Being a musician, I quite often find it amusing when the band encounters a “sub par” singer, only to have that singer “blame it on the band” whenever his or her voice goes off pitch. Don’t get me wrong, I can “fully” understand it if the band plays too loud or if the band is actually playing the song “wrong.” I remember one time when a lady sang a Billie Holiday tune, and we played it for her onstage. She did well up until the middle of the song, and then she began struggling with her notes and going “off key,” so she then “stopped” the song and said in the microphone that the band “changed her key.” Well, normally bands don’t change keys in the “middle” of the song unless the song actually “calls for it” or the singer “requests” it.  This woman talked into the microphone and blamed us directly for the notes she couldn’t hit vocally. I then told her to start off in her “own” key and we would just “catch” her. Lo and behold, she started the song off again… in the “very same exact key” that she originally did it in. I smiled at the guys onstage and put my finger up to my mouth as though to tell them “Don’t let her know that we are playing it in the same key.” She started the song off this time and said “That’s better.” She got a little further in the song this time before her vocals began to sound “jacked up” again. She then said something else detrimental about the band into the microphone and blamed us again for getting her song wrong. After yet one “more” attempt of “trial and error” she began to get frustrated and left the stage to go sit down. I think she got more applause for that moment than when she sang. When I had a break I told her that “each and every” time she tried to sing the song on  her own she went back to her same original key. She was shocked to hear that, and then apologized to me for faulting us. If you like live  music enough, then chances are you will at some point encounter a “vocally challenged singer.” In church they will be the ones who sing while making all these hard facial expressions with that big vein popping out the neck while singing. You will always recognize the final note when  the congregation claps “real lightly” while their eyes go from side to side barely looking at each other saying softly “Amen.” Bad singers cannot tell that they are horrible, so they continue to get even more into the song while each note gets even worse. I have a nickname title for truly bad singers. I refer to them as the “LAW.” In case you are wondering what that stands for, it is “LOUD…. And WRONG!” I will often let bad singers know that they are not really that bad. Instead I just let them know that I think people are just “listening to them wrong.” Society needs bad singers, because bad singers do bring entertainment. They give us something humerus to talk about on the drive home. If you are a bad singer, never worry about it. Just don’t get up onstage (smile). I apologize if I offended anyone today, but I would like to say this for bad singers. There are a lot more of them out there than you think. Enjoy your day, and hope that it is a great one.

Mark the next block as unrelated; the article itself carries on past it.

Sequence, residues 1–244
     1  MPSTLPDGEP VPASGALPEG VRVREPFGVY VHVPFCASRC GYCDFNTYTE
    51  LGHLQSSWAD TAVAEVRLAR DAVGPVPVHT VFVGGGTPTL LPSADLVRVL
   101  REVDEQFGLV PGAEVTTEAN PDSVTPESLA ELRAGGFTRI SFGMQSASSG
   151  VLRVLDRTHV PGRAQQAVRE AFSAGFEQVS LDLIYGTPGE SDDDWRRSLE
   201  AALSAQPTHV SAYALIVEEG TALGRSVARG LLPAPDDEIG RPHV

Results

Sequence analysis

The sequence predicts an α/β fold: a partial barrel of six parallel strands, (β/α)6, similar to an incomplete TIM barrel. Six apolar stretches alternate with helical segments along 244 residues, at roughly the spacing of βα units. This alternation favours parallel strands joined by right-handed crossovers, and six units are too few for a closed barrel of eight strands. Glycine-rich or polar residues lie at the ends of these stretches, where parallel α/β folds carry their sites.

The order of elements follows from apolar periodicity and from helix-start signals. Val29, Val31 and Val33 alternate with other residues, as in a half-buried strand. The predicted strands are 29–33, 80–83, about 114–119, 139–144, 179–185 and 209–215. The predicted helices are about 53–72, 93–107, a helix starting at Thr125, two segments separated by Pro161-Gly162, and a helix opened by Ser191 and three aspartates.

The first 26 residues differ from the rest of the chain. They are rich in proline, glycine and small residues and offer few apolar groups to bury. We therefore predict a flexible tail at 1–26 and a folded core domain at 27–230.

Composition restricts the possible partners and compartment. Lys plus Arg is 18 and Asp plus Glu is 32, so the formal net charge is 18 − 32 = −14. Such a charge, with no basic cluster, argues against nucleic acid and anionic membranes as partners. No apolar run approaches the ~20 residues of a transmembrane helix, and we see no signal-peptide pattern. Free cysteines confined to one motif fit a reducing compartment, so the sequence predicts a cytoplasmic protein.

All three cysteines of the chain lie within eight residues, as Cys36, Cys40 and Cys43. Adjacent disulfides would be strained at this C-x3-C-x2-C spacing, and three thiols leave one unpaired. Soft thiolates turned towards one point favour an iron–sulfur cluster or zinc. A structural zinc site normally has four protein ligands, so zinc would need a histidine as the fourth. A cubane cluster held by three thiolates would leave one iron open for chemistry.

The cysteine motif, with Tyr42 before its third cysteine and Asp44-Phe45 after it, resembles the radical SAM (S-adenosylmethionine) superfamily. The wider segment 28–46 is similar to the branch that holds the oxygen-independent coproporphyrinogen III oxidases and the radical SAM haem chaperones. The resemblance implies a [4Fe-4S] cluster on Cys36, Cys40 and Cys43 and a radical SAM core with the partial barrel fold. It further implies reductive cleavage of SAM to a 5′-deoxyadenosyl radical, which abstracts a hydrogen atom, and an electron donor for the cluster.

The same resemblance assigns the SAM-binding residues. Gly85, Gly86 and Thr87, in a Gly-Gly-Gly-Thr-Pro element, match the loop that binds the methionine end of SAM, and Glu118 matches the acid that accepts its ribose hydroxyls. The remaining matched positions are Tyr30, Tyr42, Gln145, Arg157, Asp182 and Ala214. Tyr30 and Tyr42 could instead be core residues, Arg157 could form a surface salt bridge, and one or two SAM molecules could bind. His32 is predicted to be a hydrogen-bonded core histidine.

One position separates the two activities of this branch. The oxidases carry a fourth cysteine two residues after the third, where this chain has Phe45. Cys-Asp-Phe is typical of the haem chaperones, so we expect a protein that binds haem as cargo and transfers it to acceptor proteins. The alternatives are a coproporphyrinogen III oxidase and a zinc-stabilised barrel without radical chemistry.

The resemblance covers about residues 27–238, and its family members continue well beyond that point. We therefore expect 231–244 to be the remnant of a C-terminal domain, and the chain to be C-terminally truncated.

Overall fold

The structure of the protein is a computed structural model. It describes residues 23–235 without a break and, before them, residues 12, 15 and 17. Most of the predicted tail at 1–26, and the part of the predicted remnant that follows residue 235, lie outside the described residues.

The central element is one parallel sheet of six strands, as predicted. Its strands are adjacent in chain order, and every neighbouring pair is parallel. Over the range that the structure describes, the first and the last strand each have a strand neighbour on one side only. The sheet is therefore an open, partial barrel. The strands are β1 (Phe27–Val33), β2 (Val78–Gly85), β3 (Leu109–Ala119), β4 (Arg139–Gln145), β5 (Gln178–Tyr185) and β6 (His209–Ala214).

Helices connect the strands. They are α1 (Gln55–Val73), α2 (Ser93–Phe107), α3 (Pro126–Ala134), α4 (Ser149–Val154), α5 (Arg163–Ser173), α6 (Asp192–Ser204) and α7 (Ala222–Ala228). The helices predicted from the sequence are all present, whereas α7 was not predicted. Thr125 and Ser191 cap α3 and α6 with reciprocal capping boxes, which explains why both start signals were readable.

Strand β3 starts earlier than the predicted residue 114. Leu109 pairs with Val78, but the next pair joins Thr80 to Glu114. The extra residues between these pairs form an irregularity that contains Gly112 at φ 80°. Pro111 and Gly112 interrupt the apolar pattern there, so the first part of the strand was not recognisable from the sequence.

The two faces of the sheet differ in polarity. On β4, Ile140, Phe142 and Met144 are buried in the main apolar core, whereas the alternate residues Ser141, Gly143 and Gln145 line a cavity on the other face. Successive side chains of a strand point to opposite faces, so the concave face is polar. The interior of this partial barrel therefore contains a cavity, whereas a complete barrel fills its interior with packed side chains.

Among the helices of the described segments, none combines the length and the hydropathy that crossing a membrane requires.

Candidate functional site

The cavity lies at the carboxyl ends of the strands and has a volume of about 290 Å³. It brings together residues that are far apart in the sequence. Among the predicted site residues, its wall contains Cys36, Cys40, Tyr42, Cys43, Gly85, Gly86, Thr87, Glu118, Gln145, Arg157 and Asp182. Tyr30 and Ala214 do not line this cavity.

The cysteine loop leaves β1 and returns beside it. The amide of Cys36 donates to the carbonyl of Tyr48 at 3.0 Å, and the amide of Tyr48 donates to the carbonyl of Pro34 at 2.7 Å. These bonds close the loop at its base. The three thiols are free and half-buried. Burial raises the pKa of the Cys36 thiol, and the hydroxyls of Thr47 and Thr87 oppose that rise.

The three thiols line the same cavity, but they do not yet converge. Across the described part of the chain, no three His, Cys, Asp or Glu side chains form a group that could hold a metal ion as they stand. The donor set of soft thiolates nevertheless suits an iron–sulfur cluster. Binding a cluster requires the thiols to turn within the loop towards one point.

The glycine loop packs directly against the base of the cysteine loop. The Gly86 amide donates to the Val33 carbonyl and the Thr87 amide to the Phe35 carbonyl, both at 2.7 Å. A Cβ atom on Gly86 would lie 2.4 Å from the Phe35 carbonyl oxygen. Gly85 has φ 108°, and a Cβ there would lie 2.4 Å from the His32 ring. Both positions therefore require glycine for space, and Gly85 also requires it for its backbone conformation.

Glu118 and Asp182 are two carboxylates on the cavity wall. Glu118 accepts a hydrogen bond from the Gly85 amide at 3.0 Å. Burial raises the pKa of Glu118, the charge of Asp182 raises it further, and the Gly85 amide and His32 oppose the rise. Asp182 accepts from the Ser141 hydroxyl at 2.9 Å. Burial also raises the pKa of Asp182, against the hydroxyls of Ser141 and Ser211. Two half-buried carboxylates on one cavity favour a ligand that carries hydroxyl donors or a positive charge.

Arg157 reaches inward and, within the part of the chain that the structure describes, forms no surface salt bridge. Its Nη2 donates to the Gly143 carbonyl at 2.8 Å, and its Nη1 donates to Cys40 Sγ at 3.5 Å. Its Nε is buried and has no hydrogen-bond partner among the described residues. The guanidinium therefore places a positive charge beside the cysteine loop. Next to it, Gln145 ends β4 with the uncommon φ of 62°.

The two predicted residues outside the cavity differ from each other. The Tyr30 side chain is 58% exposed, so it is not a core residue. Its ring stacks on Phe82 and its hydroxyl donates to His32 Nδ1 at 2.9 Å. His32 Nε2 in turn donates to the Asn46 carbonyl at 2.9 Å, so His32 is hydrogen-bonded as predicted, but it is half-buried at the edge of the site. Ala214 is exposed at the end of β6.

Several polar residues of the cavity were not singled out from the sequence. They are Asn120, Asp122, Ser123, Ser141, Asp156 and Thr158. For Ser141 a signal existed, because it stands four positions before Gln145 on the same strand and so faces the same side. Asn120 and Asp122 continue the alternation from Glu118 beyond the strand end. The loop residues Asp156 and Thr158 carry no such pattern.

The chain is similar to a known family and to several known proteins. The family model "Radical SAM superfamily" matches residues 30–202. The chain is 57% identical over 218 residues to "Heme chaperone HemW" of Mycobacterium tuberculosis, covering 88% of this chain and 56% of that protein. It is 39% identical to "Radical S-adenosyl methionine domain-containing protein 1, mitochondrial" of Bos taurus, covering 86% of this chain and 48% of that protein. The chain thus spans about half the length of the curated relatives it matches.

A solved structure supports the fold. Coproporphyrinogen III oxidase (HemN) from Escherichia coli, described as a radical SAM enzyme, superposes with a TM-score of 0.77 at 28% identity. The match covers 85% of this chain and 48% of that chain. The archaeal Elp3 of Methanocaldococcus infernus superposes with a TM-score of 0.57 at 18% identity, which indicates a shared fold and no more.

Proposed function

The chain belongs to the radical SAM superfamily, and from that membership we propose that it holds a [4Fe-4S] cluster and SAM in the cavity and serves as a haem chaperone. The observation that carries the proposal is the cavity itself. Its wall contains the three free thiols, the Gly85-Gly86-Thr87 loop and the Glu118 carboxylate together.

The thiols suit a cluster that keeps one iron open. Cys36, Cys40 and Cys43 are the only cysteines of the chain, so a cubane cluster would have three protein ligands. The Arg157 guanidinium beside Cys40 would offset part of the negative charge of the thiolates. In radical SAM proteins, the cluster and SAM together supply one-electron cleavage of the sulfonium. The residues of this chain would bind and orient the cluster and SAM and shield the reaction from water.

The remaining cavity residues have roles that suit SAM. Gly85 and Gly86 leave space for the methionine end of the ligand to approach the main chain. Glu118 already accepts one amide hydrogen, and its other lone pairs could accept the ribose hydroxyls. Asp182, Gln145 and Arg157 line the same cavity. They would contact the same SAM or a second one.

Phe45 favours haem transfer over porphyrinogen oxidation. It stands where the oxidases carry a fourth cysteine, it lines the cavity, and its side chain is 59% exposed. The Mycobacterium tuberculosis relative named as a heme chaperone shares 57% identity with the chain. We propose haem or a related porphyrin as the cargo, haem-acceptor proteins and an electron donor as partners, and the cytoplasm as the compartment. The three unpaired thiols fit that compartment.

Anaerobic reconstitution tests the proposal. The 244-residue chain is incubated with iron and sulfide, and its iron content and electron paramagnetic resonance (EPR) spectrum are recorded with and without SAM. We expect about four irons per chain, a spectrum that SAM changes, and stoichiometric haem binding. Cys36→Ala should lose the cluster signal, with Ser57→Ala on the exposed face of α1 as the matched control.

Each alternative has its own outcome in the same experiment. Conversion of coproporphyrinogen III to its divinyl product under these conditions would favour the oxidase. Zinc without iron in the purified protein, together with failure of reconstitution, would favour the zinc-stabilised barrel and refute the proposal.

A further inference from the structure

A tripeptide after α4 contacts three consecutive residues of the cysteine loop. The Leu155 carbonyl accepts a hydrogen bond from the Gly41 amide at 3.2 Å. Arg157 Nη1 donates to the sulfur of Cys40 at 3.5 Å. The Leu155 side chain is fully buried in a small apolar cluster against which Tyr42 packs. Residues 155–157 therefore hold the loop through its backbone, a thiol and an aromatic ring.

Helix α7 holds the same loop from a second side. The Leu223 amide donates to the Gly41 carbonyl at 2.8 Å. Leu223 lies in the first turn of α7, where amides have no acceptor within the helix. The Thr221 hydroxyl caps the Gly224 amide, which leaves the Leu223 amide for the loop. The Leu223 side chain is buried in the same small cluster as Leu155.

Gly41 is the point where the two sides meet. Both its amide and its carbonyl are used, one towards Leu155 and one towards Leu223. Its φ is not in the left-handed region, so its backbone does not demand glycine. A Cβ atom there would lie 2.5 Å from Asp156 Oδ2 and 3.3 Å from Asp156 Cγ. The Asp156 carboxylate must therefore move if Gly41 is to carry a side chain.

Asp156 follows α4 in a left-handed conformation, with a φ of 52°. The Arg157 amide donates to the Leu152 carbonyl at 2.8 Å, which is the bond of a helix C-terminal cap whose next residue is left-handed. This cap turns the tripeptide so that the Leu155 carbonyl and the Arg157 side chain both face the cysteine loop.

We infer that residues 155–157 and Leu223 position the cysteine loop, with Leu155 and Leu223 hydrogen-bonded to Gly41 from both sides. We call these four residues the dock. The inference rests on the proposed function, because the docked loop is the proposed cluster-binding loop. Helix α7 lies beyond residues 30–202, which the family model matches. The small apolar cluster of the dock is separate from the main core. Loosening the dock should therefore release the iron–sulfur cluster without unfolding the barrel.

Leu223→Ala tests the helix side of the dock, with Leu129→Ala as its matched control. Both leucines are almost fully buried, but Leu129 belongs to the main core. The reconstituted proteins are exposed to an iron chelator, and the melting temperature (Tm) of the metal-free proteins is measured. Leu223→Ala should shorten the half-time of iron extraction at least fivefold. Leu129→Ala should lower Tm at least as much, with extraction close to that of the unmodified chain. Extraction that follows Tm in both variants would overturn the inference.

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Brett Jolly’s Daily thought (Topic: “Jealousy… is it worth the energy?”)

“Jealousy… Is it worth the energy?” Just imagine meeting someone new that you really like only to find that he or  she likes someone else. Should you feel jealous about that situation? People have been known to do the most “foolish” things out of jealousy. People will lie, get desperate, and even commit crazy acts just because they can’t handle their own jealousies. Normally, when someone is jealous, it is paramount to thinking that “someone else is in a better situation than you” when that might “not” be the case at all. If your coworker hits the Powerball Lotto after you both played it, it doesn’t  mean that he or she was a better person than you. It just means that for “this” particular circumstance your coworker was “luckier” than you. Chances are this will not always be the case. Sometimes we envy the rich when often they have more problems than “we” do. Mike Tyson, Allen Iverson and MC Hammer manged to waste “millions of dollars” because they couldn’t properly handle the new responsibilities that come with becoming rich. We envy those with a higher status because we would like to have their circumstances. I can honestly say that when I was much  younger, I used to envy Michael Jackson. Here he was  this young little boy with great looks who could sing  his tail off. He was famous, great looking, loved by all the girls and so talented. As the years went by, Michael became more famous and more rich (and he even changed his good looks through plastic surgery), but his problems became much greater too. He had those accusations of being a child molester.  He also felt he had a family that was trying to sponge off of him and  he died a drug addict. Now my life seems a lot more rosier compared to what he went through. I have seen people admit that they are not jealous when they really were. You might be able to hide how you feel from others, but you can never hide what you feel from yourself. I say that if you are jealous of someone, then let that be the motivating factor for you to “improve yourself.” Channel that energy into what “hopefully” will turn out to be a “positive outcome.” There should be no limit as to how great you can become if you only apply yourself properly. Also, it should be important to note that no matter how great you are at something, there will “always” someone else out there in this world who is “greater.”  You may not have met him or her yet, but that doesn’t mean that this person doesn’t exist. Be humble, be respectful and give those people their props when they deserve it. Above all, still love yourself, even when you might possibly just be “second best.” Thank you and I hope you have a great day today.

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Email: Brettjolly@aol.com

Skype: Brettjolly1